3. Necessity.

What about other jurisdictions?

Criminal laws against threatening or inciting violence also exist in other Australian states and territories.

Victoria

For example, section 24 of the Racial and Religious Tolerance Act 2001 in Victoria prescribes a maximum penalty of 6 months in prison for any person, on the ground of the race of another person or class of persons, to intentionally engage in conduct that the offender knows is likely:

  • to incite hatred against that other person or class of persons; and
  • to threaten, or incite others to threaten, physical harm towards that other person or class of persons or the property of that other person or class of persons.

The section makes clear that the prohibited conduct includes the use of the internet or e-mail to publish or transmit statements or other material.

Section 25 of the Act contains a similar offence of serious religious vilification.

South Australia

Section 4 of the Racial Vilification Act 1996 in South Australia prescribes a maximum penalty of 3 months in prison for any person who person who, by a public act, incites hatred towards, serious contempt for, or severe ridicule of, a person or group of persons on the ground of their race by:

  • threatening physical harm to the person, or members of the group, or to property of the person or members of the group; or
  • inciting others to threaten physical harm to the person, or members of the group, or to property of the person or members of the group.

Queensland

Section 131A of the Anti-Discrimination Act 1991 in Queensland prescribes a maximum penalty of 6 months in prison for any person who by a public act, knowingly or recklessly incites hatred towards, serious contempt for, or severe ridicule of, a person or group of persons on the ground of the race, religion, sexuality or gender identity of the person or members of the group in a way that includes:

(a) threatening physical harm towards, or towards any property of, the person or group of persons; or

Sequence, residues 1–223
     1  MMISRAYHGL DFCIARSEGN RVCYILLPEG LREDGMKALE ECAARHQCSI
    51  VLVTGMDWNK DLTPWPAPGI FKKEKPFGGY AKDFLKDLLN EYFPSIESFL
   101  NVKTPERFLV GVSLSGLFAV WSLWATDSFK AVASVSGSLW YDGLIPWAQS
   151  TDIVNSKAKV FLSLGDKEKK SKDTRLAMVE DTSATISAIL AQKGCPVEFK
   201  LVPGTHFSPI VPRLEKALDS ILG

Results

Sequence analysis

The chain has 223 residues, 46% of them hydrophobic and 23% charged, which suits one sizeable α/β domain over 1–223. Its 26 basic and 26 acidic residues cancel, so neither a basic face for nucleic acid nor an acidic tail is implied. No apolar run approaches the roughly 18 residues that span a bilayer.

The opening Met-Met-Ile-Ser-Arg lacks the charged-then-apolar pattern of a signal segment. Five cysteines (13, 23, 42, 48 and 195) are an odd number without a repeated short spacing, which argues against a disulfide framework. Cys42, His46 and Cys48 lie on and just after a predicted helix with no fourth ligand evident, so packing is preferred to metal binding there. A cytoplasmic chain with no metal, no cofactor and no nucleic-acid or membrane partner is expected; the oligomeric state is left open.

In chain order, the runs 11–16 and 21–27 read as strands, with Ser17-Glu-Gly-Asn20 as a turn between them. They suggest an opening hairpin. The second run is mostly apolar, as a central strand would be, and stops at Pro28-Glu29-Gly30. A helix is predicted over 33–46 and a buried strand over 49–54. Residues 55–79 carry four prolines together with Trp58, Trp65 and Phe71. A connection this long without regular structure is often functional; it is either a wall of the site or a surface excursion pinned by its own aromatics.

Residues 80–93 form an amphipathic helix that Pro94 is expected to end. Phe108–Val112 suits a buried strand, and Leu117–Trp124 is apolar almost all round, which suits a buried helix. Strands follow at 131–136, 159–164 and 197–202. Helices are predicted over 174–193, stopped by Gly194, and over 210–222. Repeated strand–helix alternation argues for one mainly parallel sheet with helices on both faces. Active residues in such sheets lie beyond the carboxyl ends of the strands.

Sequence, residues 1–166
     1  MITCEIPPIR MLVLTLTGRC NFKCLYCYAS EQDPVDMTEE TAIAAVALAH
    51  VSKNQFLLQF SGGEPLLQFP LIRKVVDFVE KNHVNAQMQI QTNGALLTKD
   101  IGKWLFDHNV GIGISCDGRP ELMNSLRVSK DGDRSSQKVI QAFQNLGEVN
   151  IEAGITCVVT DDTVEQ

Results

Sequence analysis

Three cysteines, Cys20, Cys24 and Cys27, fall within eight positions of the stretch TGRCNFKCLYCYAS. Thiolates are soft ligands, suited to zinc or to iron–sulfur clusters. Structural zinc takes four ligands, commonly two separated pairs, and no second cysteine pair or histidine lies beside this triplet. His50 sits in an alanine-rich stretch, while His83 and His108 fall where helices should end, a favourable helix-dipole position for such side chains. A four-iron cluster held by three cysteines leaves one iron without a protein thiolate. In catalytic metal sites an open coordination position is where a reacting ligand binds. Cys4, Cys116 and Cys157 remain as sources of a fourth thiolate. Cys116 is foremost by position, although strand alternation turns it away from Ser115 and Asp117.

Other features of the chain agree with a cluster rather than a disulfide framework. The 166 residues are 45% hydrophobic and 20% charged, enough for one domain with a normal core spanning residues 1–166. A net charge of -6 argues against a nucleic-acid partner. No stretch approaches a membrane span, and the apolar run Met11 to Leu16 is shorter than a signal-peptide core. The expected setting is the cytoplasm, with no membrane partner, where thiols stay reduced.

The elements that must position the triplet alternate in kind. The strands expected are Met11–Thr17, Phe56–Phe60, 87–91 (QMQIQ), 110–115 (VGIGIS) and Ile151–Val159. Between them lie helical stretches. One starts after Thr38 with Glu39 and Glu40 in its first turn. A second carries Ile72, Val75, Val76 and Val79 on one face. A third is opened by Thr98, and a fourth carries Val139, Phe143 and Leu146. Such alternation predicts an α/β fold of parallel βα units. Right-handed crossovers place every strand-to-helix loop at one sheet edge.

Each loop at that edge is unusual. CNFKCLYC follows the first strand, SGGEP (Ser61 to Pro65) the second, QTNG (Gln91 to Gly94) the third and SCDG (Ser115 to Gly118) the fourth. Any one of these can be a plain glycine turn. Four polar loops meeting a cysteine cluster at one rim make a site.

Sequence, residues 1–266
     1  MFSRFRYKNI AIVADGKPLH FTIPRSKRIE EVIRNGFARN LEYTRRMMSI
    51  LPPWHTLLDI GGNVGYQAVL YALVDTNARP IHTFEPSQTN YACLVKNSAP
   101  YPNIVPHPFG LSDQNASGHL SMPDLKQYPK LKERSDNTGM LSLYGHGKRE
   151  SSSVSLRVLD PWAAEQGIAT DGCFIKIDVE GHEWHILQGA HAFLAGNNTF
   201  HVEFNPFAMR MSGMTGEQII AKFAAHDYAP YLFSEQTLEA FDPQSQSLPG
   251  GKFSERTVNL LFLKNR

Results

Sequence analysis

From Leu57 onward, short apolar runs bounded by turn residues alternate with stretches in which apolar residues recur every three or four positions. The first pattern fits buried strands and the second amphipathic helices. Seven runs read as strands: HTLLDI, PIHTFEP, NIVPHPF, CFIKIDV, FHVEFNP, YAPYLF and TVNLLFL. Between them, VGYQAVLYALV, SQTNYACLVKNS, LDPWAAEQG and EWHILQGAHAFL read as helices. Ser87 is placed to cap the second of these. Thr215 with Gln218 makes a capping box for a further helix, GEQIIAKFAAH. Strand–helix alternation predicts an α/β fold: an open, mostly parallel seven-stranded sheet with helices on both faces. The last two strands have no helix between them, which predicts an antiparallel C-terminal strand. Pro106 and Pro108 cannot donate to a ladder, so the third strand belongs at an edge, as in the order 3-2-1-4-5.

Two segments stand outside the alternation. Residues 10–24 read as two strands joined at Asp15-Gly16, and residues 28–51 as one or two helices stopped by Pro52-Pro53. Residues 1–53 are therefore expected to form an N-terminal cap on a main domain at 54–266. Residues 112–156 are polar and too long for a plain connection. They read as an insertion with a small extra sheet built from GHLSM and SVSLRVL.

(b) inciting others to threaten physical harm towards, or towards any property of, the person or group of persons.

Western Australia

Section 77 of the Criminal Code Act Compilation Act 1913 of Western Australia prescribes a maximum penalty of 14 years in prison for any person who engages in any conduct, otherwise than in private, by which the person intends to create, promote or increase animosity towards, or harassment of, a racial group, or a person as a member of a racial group.

The Act contains a number of other offences relating to vilification, including:

  • Conduct likely to incite racial animosity or racist harassment; section 78, maximum penalty of 5 years in prison,
  • Possession of material for dissemination with intent to incite racial animosity or racist harassment; section 79, maximum penalty of 14 years in prison,
  • Possession of material for dissemination that is likely to incite racial animosity or racist harassment; section 18, maximum penalty of 5 years in prison.
  • Conduct intended to racially harass; section 80A, maximum penalty of 5 years in prison, and

Conduct likely to racially harass; section 80B, maximum penalty of 3 years in prison.

Author

Ugur Nedim

Ugur Nedim is an Accredited Criminal Law Specialist with over 20 years of experience as a criminal defence lawyer. He is the Principal of Sydney Criminal Lawyers®.